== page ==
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Top 2023 Trade: Bearish Stocks, Bearish GBP/JPY

Top 2023 Trade: Bearish Stocks, Bearish GBP/JPY

James Stanley, Contributor
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I don’t think that the bear market is over in stocks yet. And it’s worth noting, I’m not a perma-bear, or at least I don’t consider myself one. But, I have been bearish on equities for much of the past year, even setting this as my Top Trade for the second through fourth quarters, and in Q1 I was looking at a related theme of USD-strength.

For next year I think the bearish overhang remains. The Fed may have already gotten in the bulk of the hikes that they’re going to do, but inflation still remains problematic and this will force them to keep rates elevated until either something breaks or inflation begins to give way. And if inflation is going to give way quickly, it’s difficult to imagine a scenario in which that’s happening that doesn’t include some aggressive recessionary factors so, in either scenario it really appears that some pain is on the way before we get some noticeable pivot from the FOMC.

Perhaps more importantly for equities is the transmission impact of rate hikes. Hikes take time to price through an economy and the pace with which rates were hiked last year means that it’s pretty indecipherable how impactful it’s been just yet. But, for corporate earnings, logically, there’s still some impact to be seen. And if rates do remain elevated through the first-half of next year, it’s difficult to imagine corporate earnings not getting hit harder.

And unlike prior instances of economic weakness, the Fed doesn’t have that supportive option of quickly shifting towards looser policy as inflation remains well above-target. And to be sure, this wasn’t an option in 2022 either, but that didn’t stop market participants from pricing in a possible inflation top in June and then a possible Fed pivot in October.

But, inflation didn’t top in June – nor did the Fed say anything that would denote a pivot into dovishness in October. And I think that these are themes that will be dealt with in 2023 trade.

S&P 500

My first support target for the S&P 500 is the 3500 level that currently sits about 9.5% from current prices. This was a level that almost came into play in October with that low printing at 3502. If bears do get to run, there’s another major level around 3200 but that’s now about 17.5% away from current price, which may be a bit aggressive to look for in a single quarter, although it’s possible if we end up in the ‘something breaking’ scenario mentioned above. More likely, the pre-pandemic swing high will create some motivation for support and that plots right around the 3400 level.

S&P 500 Weekly Price Chart

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Chart prepared by James Stanley; S&P 500 on Tradingview

Nasdaq

I’m also bearish the Nasdaq, perhaps even more so than the S&P 500 above. There has been greater development of the bearish theme, as well, with a similarly placed Fibonacci retracement, spanning from the pandemic low to the pandemic high. While the S&P 500 bounced above the 50% mark of its own major move, the Nasdaq set its 2022 low (at least as of this writing) at the 61.8% retracement.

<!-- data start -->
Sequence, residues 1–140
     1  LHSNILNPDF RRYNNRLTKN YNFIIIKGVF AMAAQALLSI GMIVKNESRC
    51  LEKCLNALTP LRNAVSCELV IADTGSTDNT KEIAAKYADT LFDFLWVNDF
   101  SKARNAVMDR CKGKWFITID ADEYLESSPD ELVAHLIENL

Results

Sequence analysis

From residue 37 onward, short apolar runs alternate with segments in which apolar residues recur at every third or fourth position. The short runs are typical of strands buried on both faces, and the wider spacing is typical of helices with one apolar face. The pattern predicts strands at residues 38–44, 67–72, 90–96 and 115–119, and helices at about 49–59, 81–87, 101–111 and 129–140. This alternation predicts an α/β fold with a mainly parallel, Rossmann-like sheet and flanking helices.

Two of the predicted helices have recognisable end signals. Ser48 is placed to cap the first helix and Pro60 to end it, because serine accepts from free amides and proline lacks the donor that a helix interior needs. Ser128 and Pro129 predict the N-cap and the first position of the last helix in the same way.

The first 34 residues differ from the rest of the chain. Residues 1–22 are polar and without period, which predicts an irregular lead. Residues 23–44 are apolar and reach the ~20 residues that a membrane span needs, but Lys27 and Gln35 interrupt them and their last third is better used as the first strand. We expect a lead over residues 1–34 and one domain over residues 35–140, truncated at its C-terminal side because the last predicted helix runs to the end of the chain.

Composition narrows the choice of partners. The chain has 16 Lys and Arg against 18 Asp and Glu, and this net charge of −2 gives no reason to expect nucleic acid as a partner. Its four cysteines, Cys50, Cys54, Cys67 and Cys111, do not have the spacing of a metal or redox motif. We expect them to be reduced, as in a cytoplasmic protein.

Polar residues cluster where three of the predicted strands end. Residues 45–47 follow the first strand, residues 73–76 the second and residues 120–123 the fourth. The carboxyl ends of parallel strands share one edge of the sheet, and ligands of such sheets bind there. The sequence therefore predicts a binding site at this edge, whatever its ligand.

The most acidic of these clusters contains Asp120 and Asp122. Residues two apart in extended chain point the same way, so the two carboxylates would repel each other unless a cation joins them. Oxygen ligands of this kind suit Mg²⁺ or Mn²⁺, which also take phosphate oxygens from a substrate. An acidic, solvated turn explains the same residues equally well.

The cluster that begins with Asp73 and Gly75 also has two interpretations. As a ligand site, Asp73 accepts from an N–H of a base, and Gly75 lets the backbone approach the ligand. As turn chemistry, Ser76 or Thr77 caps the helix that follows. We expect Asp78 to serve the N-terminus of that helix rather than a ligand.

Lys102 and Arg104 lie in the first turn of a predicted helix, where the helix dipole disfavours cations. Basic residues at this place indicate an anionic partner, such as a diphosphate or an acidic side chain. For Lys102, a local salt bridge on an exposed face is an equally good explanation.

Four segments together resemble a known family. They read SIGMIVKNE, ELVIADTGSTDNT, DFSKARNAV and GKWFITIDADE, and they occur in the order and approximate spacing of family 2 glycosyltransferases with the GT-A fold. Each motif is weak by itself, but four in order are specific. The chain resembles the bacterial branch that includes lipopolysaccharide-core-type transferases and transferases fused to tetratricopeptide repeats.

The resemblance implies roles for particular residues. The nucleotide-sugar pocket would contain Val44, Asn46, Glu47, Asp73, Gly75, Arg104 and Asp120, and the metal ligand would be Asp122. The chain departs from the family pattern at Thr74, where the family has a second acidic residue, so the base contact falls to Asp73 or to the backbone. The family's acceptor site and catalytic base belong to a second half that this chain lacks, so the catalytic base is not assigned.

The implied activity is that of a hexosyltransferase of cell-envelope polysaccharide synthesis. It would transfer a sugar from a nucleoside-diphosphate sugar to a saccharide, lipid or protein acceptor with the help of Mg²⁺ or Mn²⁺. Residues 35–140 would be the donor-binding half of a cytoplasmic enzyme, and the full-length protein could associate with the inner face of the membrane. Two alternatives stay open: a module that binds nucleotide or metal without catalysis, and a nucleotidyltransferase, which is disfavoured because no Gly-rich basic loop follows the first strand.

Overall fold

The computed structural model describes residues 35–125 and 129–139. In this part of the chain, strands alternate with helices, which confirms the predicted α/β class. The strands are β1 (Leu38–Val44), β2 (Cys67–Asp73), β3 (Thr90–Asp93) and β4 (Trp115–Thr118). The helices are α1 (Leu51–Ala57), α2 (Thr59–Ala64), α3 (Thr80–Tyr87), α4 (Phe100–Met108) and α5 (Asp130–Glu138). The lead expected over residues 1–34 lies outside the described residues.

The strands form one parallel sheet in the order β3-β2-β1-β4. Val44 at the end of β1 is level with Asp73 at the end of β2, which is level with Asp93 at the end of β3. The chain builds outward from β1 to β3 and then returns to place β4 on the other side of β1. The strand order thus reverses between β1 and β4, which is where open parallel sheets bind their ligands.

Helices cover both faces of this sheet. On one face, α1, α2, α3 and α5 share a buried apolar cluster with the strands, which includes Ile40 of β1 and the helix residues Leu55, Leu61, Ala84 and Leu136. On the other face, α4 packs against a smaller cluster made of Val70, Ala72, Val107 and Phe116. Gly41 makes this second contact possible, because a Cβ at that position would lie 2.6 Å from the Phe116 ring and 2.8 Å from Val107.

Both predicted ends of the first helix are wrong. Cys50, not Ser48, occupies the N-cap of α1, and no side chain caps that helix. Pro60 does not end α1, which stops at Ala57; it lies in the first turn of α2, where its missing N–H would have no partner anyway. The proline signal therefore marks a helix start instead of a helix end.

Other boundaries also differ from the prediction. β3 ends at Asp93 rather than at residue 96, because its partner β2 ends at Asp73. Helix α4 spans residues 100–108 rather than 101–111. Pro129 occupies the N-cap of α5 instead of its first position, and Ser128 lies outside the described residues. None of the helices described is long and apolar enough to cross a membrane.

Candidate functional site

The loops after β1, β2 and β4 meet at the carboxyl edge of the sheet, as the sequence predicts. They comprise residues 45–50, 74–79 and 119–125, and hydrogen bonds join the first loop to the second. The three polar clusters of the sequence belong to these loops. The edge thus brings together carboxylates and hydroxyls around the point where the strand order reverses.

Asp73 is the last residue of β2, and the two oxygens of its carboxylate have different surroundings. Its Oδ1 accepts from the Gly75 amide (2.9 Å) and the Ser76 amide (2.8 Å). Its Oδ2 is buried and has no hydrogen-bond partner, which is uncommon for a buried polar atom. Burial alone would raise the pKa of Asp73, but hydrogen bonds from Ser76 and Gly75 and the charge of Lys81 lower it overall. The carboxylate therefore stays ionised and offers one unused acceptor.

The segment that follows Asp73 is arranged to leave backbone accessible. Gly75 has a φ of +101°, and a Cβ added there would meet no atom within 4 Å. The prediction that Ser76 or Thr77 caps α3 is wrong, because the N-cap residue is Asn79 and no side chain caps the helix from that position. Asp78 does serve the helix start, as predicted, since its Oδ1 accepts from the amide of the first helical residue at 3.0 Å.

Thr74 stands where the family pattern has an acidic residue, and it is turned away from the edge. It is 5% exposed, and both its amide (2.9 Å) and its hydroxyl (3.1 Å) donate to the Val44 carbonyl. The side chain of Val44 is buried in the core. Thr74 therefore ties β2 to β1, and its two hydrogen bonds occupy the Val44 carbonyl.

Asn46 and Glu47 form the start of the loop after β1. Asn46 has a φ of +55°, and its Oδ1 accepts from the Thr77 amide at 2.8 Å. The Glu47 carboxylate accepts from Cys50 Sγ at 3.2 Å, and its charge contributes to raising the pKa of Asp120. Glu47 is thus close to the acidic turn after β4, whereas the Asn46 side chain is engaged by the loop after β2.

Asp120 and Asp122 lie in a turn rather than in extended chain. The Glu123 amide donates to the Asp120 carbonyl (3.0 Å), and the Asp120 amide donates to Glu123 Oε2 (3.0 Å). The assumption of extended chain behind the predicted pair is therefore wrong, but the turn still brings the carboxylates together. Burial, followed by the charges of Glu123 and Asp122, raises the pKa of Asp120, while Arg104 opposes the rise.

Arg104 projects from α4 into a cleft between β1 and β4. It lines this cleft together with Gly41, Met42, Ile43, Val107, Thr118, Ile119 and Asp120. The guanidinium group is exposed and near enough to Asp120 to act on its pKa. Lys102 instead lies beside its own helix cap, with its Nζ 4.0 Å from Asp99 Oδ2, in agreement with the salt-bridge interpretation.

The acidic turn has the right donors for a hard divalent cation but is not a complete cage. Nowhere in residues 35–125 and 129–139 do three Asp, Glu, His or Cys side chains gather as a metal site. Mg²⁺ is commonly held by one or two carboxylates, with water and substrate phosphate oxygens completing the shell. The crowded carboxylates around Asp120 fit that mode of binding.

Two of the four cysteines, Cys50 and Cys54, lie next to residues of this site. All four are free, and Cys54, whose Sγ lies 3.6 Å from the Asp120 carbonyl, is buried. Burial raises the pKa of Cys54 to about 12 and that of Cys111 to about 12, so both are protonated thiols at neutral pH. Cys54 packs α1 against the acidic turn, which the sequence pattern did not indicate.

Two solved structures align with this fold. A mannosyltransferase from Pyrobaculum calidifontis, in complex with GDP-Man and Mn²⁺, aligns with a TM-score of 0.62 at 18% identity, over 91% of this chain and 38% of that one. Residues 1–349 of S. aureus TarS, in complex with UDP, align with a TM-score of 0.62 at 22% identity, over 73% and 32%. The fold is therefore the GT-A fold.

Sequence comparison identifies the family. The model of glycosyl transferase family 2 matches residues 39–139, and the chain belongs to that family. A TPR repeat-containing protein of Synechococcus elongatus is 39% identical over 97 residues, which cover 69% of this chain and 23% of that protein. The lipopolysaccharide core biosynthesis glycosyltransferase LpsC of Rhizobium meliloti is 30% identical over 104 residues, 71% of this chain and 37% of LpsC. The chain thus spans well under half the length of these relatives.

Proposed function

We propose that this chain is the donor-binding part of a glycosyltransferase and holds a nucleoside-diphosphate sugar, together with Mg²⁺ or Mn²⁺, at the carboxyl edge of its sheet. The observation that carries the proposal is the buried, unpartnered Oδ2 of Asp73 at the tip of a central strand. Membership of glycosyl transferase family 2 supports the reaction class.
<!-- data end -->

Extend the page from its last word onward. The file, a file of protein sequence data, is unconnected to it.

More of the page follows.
That plots at 10,501 which remains as an initial target. Below that, the 10k psychological level is followed by the pre-pandemic swing-high at 9763, after which the 76.4% Fibonacci retracement shows up just above the 9k handle.

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Nasdaq 100 Weekly Chart

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Chart prepared by James Stanley; Nasdaq 100 on Tradingview

GBP/JPY

I wanted to get an FX pair in this installment of Top Trades. I think GBP/JPY could be situated for a fall. While the Bank of Japan has kept policy pedal-to-the-floor, I’m not sure that market rates are in a position where they can rise substantially from here. As recessionary factors stack-up, this could lead to deeper curve inversion as investors buy longer-dated treasuries in anticipation of lower rates at some point down-the-road.

If we do see lower rates in US Treasuries, that’s less motive to use the Yen as a funding source for carry trades, which can lead to further unwind of Yen-weakness. And in regards to the British Pound, the currency feels well-priced at the moment, particularly for an economy with some recessionary factors already flaring.

From a technical standpoint, GBP/JPY hasn’t been able to mount much for recovery above the 170 psychological level yet, and that level can help to keep bearish swing potential in the equation. I’m looking for downside targets at 159.45 and then 148.87, based entirely off of prior price action swings.

GBP/JPY Monthly Price Chart

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Chart prepared by James Stanley; Nasdaq 100 on Tradingview

DailyFX provides forex news and technical analysis on the trends that influence the global currency markets.

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